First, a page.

If a child complains that life/school/x is unfair, then it’s worthwhile to explain to them that sometimes things just work out that way. And put on a smile and think about the next opportunity.

If an adult complains that it’s unfair, I just walk away. They should have learned those basic concepts by now.

As well as careeracide, if the folks in charge of the next show she auditions for take a look at her online and see a bunch of “WAAAAAAAH I DIDN’T GET THE PART” on her Farcebook page and think “yup, can live without that.”

Post what you put here on her Facebook page.

“Has someone ever told you that life was supposed to be fair? If they did, they were lying.” (Or trying to sell you something.) Tell that to kids AND adults - it’s a lesson they need to know.

When you say “It’s not fair” I hear “I didn’t get what I wanted.”

And “I shouldn’t have to work for it.”

It’s funny, but I learned something about “life” and “fairness”(or the lack thereof), when I was in junior high and read one of Heinlein’s juveniles.

In Tunnel in the Sky a class of young people have been learning and training to take an extremely rigourous survival test. Shortly before the test, during an informal seminar about the rules, one of the students complains that the test conditions and rules aren’t fair.
The instructor fails him on the spot, and won’t allow him to take the test, because “Anyone who expects life to be fair isn’t ready for this test.”

It also occurs to me that we’re raising generations of people who will have a particularly hard time with this lesson, being raised that they are all special and they should always get what they want. Learning the lessons of maturity were hard enough in life when we weren’t all entitled princesses.

A coworker of mine teaches public speaking classes at our community college. About a year ago she had a young 20-something who, according to her, said he was on antidepressants because he just can’t handle negativity.


Is your friend Sarah Palin?

That scene made the same impression on me.

It’s sort of a pity that we couldn’t have a class like that in real life.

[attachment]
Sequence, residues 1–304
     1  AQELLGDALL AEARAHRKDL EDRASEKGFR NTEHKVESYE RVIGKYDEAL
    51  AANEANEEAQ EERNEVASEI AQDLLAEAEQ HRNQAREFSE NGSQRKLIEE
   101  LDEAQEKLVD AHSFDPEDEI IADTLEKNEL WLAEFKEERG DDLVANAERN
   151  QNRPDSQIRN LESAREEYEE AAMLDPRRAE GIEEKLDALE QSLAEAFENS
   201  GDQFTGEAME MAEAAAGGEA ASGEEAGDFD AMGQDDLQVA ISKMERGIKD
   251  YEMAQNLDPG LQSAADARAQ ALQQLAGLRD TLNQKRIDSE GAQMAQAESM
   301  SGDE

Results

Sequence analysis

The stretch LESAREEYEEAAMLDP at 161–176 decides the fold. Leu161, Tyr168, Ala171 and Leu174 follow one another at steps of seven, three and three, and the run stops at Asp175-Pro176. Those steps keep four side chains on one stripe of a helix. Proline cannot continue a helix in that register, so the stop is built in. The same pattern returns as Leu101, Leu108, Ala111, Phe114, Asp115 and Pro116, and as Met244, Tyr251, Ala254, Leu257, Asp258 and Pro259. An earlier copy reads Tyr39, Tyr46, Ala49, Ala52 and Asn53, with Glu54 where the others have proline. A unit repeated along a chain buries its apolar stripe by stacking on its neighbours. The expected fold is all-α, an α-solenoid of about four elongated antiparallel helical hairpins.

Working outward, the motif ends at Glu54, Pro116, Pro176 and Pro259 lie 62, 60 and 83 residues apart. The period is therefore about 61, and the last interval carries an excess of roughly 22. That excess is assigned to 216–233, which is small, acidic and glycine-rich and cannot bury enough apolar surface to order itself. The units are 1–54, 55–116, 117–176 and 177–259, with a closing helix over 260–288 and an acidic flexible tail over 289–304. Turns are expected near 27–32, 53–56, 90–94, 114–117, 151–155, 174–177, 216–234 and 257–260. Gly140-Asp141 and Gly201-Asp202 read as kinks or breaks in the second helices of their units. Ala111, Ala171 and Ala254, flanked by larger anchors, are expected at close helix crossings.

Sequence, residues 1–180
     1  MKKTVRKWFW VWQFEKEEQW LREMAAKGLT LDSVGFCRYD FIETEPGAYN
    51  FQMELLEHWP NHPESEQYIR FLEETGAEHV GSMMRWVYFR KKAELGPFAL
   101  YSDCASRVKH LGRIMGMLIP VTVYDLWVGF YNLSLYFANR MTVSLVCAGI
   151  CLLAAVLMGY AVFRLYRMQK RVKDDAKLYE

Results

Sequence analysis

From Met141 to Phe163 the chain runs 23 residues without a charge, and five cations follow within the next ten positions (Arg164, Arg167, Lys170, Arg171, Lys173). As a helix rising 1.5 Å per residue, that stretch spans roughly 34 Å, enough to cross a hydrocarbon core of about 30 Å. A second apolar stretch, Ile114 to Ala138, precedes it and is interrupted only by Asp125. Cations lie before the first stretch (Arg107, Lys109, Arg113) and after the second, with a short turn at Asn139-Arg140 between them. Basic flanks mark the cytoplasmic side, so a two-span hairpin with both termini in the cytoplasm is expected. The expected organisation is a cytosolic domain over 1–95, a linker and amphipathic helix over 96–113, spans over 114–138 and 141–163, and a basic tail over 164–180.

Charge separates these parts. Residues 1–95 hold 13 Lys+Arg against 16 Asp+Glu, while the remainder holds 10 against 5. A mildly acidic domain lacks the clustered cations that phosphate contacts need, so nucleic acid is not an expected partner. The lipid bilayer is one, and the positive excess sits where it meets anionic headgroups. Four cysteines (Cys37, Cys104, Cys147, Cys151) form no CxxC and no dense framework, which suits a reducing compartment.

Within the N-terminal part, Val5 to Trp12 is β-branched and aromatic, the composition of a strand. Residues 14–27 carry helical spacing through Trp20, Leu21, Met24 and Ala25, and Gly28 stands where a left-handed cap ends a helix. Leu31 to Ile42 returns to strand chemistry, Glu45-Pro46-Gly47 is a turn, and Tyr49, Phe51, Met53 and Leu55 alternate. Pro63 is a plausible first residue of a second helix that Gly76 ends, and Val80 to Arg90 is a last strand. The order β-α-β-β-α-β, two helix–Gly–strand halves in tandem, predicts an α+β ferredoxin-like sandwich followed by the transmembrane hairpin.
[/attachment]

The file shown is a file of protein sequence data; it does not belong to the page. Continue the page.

We do. It’s called “life.”

Well, that did it. Now I have a desire to go start re-reading my R.A.H. collection again.

Or…is your friend an Actress? Whaaaa? She IS! Well then, we should expect her to be the ultimate in composure and maturity at all times.

And her whinging online about not being cast is definitely…oh, I don’t know…just like the musical director whinging online about her?

Pot, kettle. Kettle, pot.

Ok, the next job you audition for is going to the HR director’s niece.

My point is that there’s a difference between nature being unfair and humans being short-sighted idiots. It’s a major error in logic to conflate the two phenomena.

Hahaha. “Whinging”.

Oh, come on.

Firstly, 99 percent of the actors and actresses I know handle rejection in a dignified manner.

Secondly, she’s welcome to whine about whatever she wants. I have no doubts that many people I know go home and spout all sorts of emotional, non-rational complaints to their spouses and friends. We all have emotions, and I don’t blame anybody for having them. Socially developed people, however, keep their composure in public, and know when emotional outbursts are appropriate, and when they are not.

Posting in non-vague terms on facebook about how you’re pissed off at friends without actually talking to those friends, when you know those friends will see your tantrum, is childish and inappropriate. This is not a pot/kettle scenario, and I think you know that.

But you can’t judge someone using real life measures on Facebook. It’s different. :rolleyes: